Impact of Separation on Surrogate Evaluation

When complete or quasi-complete separation occurs, this typically causes problems with maximum likelihood estimation for generalized linear models. The typical scenario (Allison, 2008) is that the model-fitting algorithm goes through several iterations, while attempting to converge. Upon each iteration the affected parameter estimate increases and this continues until a fixed iteration limit is exceeded. At this point the parameter estimate will typically be large and its standard error very large. Statistical software generally does not highlight this issue via error messages.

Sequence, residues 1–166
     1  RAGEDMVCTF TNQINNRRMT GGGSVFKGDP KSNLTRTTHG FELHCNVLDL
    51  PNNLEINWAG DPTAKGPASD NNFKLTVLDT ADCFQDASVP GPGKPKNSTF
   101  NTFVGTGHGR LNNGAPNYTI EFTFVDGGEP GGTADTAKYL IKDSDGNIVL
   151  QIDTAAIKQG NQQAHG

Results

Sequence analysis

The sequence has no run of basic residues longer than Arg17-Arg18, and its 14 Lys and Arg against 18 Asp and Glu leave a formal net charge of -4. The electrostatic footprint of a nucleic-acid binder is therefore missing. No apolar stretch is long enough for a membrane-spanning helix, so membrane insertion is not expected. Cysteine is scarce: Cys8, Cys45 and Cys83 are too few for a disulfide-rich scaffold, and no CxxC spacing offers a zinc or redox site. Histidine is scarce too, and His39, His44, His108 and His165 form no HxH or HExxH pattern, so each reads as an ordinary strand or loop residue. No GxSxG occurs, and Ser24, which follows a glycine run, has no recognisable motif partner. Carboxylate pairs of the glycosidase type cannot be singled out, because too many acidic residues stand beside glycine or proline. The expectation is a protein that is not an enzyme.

At the first stage of trial-level surrogacy estimation, two binary (S, Z) or an ordinal and a binary variable (T, Z) are regressed on one another for each trial in (11.4) and (11.5). This returns treatment effect estimates on the binary surrogate and ordinal true outcome. However, separation causes outlying data points at stage 2, where the effects of treatment on T are regressed on those on S as in (11.6). The LRF (11.7) is then based on a model with potentially highly influential outliers. This leads to unreliable estimation of R1, with a tendency to underestimate the true value.

TABLE 11.5

Quasi-complete separation example for an ordinal variable. A, Bi, C1, D,

Do, Eo, Fo, and Go are all greater than zero.

1

2

3

4

5

6

7

A i

Bi

Cl

0

0

0

0

0

0

Do

Eo

Fo

Go

 
Source
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